Q: My 3-year-old grits his teeth and grinds his jaw whenever he is presented with a new task and he’s unsure or becoming stressed. His sire and three siblings did the same thing. What could be the cause of his teeth grinding? —Sherry Rosser Carroll, via Facebook

A: I know many people believe that if a horse is gritting/grinding his teeth, he’s in pain or in distress. For example, colicking horses will often grind their teeth; horses coming out of anesthesia post-surgery might sometimes grind their teeth; and horses with gastric ulcers might teeth grind.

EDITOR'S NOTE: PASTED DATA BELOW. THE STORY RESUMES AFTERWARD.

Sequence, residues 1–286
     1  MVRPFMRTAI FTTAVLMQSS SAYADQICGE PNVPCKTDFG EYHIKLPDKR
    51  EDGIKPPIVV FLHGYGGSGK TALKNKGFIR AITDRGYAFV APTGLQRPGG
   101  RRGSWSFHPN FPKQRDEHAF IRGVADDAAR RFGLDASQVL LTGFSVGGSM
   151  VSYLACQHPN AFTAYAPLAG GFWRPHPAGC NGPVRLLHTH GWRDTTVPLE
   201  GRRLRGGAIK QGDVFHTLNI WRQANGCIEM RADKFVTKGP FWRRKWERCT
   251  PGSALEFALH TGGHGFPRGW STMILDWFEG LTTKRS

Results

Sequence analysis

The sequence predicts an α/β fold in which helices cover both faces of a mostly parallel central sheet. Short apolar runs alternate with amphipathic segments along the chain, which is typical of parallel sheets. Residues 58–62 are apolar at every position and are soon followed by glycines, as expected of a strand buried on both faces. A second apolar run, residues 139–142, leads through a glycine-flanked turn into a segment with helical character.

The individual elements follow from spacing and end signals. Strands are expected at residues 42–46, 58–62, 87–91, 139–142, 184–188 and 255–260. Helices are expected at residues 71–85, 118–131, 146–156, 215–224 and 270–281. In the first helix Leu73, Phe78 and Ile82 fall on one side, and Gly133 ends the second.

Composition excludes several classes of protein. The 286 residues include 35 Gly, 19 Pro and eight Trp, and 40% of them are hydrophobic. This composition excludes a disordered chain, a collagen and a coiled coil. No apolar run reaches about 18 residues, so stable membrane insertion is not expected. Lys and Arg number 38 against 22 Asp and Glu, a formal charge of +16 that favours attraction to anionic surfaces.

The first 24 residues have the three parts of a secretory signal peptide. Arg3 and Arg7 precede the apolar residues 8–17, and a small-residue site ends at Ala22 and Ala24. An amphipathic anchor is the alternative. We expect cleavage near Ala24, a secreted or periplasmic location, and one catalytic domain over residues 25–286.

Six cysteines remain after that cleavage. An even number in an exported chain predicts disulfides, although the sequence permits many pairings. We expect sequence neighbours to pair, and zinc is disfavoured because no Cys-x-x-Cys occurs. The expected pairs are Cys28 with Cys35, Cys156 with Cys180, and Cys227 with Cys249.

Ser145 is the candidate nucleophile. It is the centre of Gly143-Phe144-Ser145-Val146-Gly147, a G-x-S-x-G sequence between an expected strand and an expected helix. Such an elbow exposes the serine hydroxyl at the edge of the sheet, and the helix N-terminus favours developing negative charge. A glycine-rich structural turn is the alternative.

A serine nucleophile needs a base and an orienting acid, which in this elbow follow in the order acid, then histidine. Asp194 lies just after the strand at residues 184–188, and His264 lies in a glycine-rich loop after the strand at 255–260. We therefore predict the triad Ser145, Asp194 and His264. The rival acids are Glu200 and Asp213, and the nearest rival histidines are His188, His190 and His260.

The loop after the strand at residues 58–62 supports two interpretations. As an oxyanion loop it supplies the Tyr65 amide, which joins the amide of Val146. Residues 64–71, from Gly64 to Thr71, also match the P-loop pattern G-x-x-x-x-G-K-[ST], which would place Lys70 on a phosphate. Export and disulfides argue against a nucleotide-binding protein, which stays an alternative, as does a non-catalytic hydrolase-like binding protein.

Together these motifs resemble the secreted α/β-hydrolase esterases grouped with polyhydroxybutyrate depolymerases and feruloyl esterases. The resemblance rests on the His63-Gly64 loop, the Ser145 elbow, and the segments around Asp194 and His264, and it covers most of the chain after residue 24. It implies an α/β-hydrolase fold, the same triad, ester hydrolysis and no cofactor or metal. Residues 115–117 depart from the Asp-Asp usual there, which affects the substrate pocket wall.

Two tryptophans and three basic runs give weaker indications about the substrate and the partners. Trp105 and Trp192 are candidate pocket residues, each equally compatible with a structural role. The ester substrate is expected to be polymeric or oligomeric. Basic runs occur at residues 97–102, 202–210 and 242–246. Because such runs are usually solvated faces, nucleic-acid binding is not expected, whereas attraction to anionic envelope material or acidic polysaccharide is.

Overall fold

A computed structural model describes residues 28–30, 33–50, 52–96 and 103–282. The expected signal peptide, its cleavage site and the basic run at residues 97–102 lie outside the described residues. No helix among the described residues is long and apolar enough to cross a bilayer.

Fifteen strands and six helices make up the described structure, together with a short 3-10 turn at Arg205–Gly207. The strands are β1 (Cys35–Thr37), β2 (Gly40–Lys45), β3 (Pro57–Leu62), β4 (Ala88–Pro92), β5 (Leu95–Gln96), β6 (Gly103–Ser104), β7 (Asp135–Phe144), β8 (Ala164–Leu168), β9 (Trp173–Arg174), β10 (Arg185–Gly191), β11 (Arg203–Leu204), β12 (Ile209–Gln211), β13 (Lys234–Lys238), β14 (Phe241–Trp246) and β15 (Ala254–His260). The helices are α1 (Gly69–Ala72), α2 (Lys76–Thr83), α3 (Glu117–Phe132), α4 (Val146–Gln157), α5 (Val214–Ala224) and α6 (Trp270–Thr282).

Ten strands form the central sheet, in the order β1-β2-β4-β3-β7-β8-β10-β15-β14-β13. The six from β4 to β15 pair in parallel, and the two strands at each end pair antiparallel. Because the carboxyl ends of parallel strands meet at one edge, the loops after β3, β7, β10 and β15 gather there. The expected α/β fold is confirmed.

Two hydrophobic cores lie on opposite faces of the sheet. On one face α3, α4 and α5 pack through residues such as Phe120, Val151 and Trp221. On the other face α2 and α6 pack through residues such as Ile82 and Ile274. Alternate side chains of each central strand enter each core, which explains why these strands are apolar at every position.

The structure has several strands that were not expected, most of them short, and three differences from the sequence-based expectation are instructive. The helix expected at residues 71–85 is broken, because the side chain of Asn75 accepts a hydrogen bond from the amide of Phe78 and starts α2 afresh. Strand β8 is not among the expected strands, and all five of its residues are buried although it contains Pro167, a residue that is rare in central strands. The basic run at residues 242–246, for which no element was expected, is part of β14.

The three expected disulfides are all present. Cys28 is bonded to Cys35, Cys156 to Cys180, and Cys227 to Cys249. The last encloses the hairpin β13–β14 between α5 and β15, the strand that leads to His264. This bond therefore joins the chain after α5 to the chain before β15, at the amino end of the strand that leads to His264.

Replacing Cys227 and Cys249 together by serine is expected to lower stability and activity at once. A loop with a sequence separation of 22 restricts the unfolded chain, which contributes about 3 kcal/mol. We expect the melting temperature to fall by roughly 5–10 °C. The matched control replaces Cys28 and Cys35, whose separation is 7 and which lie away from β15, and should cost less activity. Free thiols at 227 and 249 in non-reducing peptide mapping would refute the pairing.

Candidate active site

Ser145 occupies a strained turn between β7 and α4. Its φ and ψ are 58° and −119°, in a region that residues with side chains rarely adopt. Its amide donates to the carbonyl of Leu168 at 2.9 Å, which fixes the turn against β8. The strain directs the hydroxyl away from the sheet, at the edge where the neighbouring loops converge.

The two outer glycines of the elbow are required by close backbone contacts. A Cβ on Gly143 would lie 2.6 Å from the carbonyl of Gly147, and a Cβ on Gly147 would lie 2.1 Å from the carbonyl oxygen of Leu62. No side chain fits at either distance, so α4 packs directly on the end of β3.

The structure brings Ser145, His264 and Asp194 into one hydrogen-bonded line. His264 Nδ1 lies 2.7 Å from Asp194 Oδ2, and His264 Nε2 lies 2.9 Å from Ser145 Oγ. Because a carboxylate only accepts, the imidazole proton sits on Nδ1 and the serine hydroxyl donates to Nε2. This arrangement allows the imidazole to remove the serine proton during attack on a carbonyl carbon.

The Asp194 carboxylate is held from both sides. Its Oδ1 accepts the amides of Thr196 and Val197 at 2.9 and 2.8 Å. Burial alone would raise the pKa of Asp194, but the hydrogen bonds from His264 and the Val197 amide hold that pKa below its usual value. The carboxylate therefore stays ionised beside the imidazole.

However, I’ve known several horses that would grind their teeth when they were concentrating on a task that was newly learned or seemed difficult for them. For example, one dressage horse I knew would teeth grind when working on his flying lead changes, but the rest of his body language didn’t seem to indicate distress. As he became more skilled at that maneuver, the teeth grinding became less frequent.

Certainly it is always good to check for a medical reason behind teeth grinding (e.g., dental issues, gastric ulcers). But if the horse has been given a clean bill of health, I would just be careful not to overface this horse in his training. Ideally, it would be best to work on training this horse when he has not quite reached the arousal state of teeth grinding. Two reference articles you might find helpful include: